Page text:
Shares of Textron (NYSE:TXT) are climbing today, up by 11% as of 12:15 p.m. EST, due in part to market exuberance over progress being made on a potential COVID-19 vaccine. A post-pandemic return to normalcy could be a catalyst for a number of the company's businesses and provide a much-needed spark for this underperformer.
Textron has been a tough stock to love lately, with shares down 22% over the past three years and trailing the S&P 500 by more than 60 percentage points. The company, a maker of everything from golf carts to helicopters, has been plagued by issues in various segments that have depressed earnings and tempered enthusiasm about the stock.
Textron made great progress getting its house in order in the recently completed third quarter, but coming out of the results there was still a question of what the catalyst would be to cause the stock to move higher. We might have gotten an answer to that today after Pfizer announced progress in its effort to bring a COVID-19 vaccine to market.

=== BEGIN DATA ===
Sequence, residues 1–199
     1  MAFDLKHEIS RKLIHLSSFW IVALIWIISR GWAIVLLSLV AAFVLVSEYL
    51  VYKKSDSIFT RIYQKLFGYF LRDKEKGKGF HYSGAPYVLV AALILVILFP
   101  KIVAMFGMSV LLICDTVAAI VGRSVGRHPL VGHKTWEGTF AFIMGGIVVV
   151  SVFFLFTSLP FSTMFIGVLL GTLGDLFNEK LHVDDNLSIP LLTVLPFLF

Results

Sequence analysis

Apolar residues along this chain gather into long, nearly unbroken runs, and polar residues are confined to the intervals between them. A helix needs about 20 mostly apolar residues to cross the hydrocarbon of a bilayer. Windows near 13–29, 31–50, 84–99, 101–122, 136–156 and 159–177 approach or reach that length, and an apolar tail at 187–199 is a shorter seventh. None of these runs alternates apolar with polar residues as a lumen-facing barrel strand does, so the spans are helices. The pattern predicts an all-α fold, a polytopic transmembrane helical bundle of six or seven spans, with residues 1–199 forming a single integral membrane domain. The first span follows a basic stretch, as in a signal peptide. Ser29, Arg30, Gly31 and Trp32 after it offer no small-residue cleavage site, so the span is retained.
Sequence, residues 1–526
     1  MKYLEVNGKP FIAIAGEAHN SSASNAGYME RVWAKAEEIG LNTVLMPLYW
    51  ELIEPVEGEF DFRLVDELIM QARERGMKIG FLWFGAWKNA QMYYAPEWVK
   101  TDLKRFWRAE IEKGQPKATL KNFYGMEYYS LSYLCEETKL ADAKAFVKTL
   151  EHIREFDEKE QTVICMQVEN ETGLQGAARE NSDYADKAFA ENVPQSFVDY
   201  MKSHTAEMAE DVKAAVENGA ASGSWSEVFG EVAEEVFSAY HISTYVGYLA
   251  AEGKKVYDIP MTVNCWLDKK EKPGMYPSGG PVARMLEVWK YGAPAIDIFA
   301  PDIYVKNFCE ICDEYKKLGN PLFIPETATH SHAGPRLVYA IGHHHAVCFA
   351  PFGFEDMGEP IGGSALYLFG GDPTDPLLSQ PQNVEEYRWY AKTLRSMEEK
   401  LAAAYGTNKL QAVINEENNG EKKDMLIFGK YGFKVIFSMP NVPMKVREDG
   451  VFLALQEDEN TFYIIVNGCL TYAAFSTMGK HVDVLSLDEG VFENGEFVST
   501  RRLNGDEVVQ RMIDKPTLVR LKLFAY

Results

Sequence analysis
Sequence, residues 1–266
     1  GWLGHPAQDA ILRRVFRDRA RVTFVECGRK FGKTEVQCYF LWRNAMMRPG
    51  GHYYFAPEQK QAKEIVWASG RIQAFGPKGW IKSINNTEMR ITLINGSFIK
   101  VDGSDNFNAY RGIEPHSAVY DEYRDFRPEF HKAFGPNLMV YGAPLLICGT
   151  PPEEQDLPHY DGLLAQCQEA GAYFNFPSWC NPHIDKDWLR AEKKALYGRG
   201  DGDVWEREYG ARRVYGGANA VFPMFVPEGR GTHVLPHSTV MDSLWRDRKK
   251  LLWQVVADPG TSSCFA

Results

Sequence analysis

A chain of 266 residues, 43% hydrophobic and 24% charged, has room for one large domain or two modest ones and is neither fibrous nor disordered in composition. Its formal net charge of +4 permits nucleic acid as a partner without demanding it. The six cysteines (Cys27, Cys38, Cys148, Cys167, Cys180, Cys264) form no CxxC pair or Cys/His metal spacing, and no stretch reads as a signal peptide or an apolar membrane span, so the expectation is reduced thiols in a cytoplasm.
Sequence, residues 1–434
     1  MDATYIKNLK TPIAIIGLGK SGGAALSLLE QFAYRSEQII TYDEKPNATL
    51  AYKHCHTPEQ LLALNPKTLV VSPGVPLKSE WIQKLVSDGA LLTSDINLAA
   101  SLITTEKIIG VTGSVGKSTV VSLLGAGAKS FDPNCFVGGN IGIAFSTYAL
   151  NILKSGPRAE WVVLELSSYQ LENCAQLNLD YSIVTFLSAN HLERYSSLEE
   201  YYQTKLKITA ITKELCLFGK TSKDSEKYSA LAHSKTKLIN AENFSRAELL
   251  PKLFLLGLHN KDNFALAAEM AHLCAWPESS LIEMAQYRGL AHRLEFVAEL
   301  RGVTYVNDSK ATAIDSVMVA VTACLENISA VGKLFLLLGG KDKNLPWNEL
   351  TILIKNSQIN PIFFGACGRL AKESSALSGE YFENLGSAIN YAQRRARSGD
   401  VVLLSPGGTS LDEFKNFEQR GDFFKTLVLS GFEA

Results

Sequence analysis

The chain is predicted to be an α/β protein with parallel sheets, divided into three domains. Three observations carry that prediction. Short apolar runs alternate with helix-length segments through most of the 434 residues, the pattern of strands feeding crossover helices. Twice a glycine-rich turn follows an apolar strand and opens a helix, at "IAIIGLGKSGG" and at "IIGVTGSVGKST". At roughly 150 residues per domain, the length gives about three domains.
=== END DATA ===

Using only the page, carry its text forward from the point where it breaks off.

Textron makes some money as an aerospace supplier, and would benefit from a post-pandemic rebound in air traffic. More importantly, a return to normalcy should help boost sales at its Cessna business jet unit.
The company's aviation unit posted an impressive book-to-bill ratio of 1.49 in the third quarter, meaning it has more business coming in than it was billing out. Textron hopes to see the unit grow sales by 20% in 2021, with margin likely improving as the year goes on and Cessna rolls out its refreshed product lineup. The question was when will buyers return, and a vaccine is likely a key part of the answer.
Textron investors have been in search of a reason to get excited, so it is little surprise shares are jumping on a positive development. But I still think the most important catalyst for the stock won't materialize until late 2021 at the earliest. Textron's Bell unit is a finalist for a couple of huge Army helicopter contracts, and winning either of them would go a long way toward boosting Textron's credentials as a defense contractor.
I believe Bell's V-280 Valor is the favorite to win the Army's Future Long Range Assault Aircraft competition, a potential $40 billion prize. Unfortunately, we are unlikely to know the outcome for a year or more, so in the meantime any development that leads to improving Cessna sales will be gladly welcomed by Textron and its investors.